Letter: Taiwan and COVID

Published: 11/25/2020 12:02:23 AM

Archie Richards’s Nov. 19 letter from Libertopia, claiming that Taiwan’s remarkable success in dealing with the pandemic was because it “imposed fewer controls against COVID-19 than any nation in the world” neglects inconvenient facts. Most of the measures Taiwan took in response to the pandemic are anathema to libertarians like Richards.

Taiwan’s experience with SARS in 2003 led the nation to develop a strong plan for dealing with future pandemics – something notably absent in our own country, which relies increasingly on marketplace magic for its salvation. With 250,000 deaths and counting, we may realize such faith is unwarranted, and that strong leadership and effective logistics and planning by the federal government is essential before the next pandemic.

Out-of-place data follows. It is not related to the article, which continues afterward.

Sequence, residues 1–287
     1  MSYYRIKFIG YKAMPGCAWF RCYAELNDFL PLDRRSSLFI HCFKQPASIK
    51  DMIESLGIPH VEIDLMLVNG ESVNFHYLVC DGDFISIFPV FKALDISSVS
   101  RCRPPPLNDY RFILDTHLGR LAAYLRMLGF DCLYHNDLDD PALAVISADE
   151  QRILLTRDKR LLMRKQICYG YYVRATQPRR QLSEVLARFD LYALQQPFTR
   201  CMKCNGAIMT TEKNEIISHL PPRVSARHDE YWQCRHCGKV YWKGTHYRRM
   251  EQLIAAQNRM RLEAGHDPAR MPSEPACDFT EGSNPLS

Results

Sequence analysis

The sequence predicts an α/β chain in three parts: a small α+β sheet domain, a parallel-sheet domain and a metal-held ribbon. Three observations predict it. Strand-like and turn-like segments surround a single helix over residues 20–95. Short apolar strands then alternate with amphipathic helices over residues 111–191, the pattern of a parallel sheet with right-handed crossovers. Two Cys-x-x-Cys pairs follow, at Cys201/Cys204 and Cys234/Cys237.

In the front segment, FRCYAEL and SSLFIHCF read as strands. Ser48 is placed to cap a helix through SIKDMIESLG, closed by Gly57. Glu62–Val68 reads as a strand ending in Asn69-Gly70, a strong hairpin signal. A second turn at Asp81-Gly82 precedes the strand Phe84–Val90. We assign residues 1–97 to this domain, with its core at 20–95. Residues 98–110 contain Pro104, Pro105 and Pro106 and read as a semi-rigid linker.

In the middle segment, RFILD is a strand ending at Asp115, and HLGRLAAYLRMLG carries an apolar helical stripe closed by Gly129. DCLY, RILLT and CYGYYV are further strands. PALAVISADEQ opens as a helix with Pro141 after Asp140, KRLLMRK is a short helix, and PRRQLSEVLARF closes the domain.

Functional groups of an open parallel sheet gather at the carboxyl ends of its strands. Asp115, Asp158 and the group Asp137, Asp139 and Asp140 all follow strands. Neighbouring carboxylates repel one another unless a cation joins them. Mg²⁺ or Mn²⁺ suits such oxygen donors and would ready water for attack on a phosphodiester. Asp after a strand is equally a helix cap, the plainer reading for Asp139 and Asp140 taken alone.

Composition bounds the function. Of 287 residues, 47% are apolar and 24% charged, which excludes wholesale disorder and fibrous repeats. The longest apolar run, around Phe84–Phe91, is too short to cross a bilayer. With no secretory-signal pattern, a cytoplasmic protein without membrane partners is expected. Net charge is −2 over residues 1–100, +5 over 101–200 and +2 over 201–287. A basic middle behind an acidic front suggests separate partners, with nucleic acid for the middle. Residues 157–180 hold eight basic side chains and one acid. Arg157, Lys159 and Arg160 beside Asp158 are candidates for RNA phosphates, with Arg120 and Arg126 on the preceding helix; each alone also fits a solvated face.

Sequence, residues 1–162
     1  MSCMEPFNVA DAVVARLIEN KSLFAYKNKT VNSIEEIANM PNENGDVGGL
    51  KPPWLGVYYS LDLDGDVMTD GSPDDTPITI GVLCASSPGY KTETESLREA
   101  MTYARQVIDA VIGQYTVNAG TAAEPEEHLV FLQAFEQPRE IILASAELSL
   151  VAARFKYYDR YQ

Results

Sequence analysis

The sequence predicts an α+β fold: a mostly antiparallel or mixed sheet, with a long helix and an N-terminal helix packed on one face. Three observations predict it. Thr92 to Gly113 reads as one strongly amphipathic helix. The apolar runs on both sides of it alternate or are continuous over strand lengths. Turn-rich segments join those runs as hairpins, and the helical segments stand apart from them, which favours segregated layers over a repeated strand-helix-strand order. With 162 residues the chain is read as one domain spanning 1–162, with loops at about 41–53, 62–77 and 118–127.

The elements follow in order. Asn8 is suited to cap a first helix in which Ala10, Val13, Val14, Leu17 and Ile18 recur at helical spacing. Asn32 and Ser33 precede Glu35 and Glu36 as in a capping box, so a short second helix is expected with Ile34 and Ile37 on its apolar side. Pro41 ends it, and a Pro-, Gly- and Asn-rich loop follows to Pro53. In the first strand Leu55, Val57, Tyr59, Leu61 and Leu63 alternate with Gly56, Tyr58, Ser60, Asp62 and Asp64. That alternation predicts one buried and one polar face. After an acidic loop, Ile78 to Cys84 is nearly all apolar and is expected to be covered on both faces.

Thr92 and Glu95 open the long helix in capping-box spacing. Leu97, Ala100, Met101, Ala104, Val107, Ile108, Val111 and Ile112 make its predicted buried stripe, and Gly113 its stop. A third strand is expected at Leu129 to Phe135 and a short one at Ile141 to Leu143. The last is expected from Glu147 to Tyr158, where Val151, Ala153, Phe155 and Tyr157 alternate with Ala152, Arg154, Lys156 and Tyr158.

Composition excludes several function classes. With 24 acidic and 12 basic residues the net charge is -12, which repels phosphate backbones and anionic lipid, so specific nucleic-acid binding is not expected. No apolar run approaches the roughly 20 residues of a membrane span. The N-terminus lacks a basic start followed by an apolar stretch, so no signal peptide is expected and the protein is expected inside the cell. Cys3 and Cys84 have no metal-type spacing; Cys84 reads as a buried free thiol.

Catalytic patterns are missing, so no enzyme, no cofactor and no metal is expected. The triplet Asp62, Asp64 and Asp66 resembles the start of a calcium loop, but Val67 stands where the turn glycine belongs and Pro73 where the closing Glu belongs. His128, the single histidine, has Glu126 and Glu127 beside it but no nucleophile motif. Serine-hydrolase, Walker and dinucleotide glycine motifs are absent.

In Taiwan, testing for COVID was widely available at low cost. A mask mandate was implemented and enforced with fines and social shaming for violators. Domestic PPE production quickly ramped up. The government used smartphone technology for contact tracing and quarantining. Medical professionals had access to medical records with near-real time data on hospital visits and patient symptoms, as an integral part of Taiwan’s universal health care system, enabling health officials to stay ahead of potential virus outbreaks.

Perhaps most important, Taiwan’s community-oriented mindset meant public health measures were adopted readily and widely. By contrast, we prize individualism and personal freedom above the common good. Which begs a question, given our dismal response to the pandemic, thanks to reliance on neoliberal marketplace rules: How truly free are we?




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